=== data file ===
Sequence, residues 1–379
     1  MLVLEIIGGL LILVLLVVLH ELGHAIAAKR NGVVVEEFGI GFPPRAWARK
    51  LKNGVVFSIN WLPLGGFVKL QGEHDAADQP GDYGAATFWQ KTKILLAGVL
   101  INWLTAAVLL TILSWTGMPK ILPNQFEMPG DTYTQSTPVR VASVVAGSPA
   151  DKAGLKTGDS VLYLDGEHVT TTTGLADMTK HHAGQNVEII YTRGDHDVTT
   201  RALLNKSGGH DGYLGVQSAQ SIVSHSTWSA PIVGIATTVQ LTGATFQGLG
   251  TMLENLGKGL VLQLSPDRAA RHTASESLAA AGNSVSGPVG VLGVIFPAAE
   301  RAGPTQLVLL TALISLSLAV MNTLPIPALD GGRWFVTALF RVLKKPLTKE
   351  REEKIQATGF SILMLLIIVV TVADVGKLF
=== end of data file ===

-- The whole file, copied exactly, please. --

Sequence, residues 1–379
     1  MLVLEIIGGL LILVLLVVLH ELGHAIAAKR NGVVVEEFGI GFPPRAWARK
    51  LKNGVVFSIN WLPLGGFVKL QGEHDAADQP GDYGAATFWQ KTKILLAGVL
   101  INWLTAAVLL TILSWTGMPK ILPNQFEMPG DTYTQSTPVR VASVVAGSPA
   151  DKAGLKTGDS VLYLDGEHVT TTTGLADMTK HHAGQNVEII YTRGDHDVTT
   201  RALLNKSGGH DGYLGVQSAQ SIVSHSTWSA PIVGIATTVQ LTGATFQGLG
   251  TMLENLGKGL VLQLSPDRAA RHTASESLAA AGNSVSGPVG VLGVIFPAAE
   301  RAGPTQLVLL TALISLSLAV MNTLPIPALD GGRWFVTALF RVLKKPLTKE
   351  REEKIQATGF SILMLLIIVV TVADVGKLF